In spite of the thunder, lightning and torrential tropical rains that flooded the streets, nothing was going to stop nearly 65,000 Guatemalans from gathering to express their anger with a corrupt political class. The protests on May 16 were the continuation of a wave of popular indignation that has already forced two high-ranking government officials, including the vice president, to resign.
It was a historic day, as protesters marched from different points across the city, converging on Central Park of Guatemala City for the “Citizen’s Party.” It was a festive atmosphere, with piñatas depicting the president and former vice president, live music, a DJ, and tens of thousands of people from across Guatemalan society. “Not Otto Pérez, nor Roxana, could have imagined this citizen’s party,” protesters sang, referring to the country’s president and vice president, respectively.
“I went to the march because I feel a responsibility as a student and as a citizen of Guatemala to demand an end to corruption in my country,” said Maryam Chavez, a student at the University of San Carlos, who has participated in almost every march since they began in April. “We do not want Guatemala to be ruled by thieves, corrupted and murderous people that steal, kill and loot our natural resources, displacing our bothers and sisters from their lands. We want no more of this.”
Many others from across Guatemalan society echoed Chavez.
“It is time to be a part of the people who make change,” said Sal, a middle-class Guatemalan about his reason for joining the protest. “It is time to start acting, and to do something to make this a better country. And it is amazing that we’ve gotten this far pacifically.”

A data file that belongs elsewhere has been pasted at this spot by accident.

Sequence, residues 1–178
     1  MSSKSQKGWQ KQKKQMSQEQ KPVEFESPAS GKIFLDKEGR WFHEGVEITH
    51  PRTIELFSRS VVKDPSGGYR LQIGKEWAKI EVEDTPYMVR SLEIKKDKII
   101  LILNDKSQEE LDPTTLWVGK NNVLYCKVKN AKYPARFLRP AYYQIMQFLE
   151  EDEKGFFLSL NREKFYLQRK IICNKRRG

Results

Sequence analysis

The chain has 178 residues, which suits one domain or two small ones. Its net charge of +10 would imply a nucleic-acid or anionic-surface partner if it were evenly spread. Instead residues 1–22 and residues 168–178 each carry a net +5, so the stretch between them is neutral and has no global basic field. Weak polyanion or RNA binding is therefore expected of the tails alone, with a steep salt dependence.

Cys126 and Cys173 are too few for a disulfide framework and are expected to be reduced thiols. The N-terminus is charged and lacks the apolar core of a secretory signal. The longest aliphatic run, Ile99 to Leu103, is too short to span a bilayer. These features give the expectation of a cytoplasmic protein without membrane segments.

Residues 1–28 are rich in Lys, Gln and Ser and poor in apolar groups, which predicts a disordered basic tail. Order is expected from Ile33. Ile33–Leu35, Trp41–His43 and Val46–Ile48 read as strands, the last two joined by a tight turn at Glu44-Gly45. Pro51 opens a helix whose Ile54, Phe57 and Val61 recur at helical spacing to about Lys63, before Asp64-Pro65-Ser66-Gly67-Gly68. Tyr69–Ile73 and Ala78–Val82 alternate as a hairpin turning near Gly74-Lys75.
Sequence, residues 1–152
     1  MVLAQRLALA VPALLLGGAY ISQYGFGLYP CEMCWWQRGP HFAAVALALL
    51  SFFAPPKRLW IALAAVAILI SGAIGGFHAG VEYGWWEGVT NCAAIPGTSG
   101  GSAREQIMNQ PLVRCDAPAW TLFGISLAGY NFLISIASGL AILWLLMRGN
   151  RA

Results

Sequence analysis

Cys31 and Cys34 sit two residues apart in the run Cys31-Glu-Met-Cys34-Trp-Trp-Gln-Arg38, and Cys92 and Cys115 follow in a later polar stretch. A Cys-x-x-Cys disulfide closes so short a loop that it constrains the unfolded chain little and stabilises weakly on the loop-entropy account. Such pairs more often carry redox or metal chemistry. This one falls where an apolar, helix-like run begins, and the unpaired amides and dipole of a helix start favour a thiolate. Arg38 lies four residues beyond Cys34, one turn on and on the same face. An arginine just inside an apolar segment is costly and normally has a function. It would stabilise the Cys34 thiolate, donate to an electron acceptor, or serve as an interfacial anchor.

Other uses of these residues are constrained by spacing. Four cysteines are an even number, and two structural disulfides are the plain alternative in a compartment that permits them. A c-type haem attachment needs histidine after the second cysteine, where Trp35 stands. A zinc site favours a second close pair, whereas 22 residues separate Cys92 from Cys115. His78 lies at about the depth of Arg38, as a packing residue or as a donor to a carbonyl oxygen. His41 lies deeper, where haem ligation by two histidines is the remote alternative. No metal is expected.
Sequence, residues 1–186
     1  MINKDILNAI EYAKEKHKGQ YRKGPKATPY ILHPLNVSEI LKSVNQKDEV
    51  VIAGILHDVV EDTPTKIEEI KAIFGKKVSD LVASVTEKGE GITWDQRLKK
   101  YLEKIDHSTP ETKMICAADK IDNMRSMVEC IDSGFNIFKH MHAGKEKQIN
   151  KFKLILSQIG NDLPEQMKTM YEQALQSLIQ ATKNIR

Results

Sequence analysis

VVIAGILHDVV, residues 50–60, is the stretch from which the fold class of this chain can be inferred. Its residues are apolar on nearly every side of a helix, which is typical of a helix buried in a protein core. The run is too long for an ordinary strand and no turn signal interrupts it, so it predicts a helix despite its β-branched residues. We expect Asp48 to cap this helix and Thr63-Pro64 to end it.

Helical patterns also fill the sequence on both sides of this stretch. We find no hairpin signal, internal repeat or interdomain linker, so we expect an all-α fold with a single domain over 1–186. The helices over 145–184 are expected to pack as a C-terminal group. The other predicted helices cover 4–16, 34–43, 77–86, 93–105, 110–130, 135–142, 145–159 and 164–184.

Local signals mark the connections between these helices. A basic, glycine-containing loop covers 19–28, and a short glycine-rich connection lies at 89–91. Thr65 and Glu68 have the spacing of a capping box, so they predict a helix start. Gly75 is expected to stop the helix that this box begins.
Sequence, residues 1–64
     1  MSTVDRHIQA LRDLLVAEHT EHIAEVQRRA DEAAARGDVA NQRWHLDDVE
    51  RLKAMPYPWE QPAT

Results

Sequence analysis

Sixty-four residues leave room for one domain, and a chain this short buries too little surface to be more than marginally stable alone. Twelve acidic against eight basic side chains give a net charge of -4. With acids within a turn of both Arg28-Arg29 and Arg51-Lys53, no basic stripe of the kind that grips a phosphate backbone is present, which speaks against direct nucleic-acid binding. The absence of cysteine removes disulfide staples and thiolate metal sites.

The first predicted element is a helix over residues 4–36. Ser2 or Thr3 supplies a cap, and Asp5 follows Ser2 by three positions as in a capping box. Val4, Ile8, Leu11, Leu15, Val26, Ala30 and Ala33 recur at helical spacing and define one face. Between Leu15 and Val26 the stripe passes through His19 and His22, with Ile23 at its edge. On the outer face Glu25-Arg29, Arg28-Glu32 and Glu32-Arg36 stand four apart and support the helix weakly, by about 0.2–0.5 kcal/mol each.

The march on May 16 is the continuation of the protests against corruption that began more than three weeks ago. The first march on April 25 drew nearly 35,000 people to the park to demand the resignation of President Otto Pérez Molina and Vice President Roxana Baldetti, who resigned on May 8.
A day of peaceful protest on April 25 was organized via Facebook, but quickly expanded beyond what the small group of activists had imagined thanks to social media and coverage by the national media. Many protesters are unaffiliated with any organization, and are simply concerned with the impact of the corruption on their families and communities.
Every protest that has been held since April 25 has come under intense police scrutiny. Each mobilization has included the deploying of surveillance equipment, including drones and cell phone signal blockers.
Growing corruption scandal
The Guatemalan political crisis began shortly after the International Commission Against Impunity in Guatemala, a United Nations-sponsored organization that was formed to combat Guatemala’s culture of impunity, released its findings from an investigation into a tax fraud scheme that had stolen nearly $120 million from Guatemalans in taxes. The report led to 22 orders for arrest for current and former members of the tax collection agency.
Initially, the administration of Otto Pérez Molina was able to avoid implication in the tax fraud ring, which became known as “The Line.” But the office of the president quickly became embroiled in the corruption scandal after the commission named Vice President Roxana Baldetti’s personal secretary, Juan Carlos Monzón, as the leader of “The Line.” Monzón then disappeared while on an official trip with the vice president to South Korea.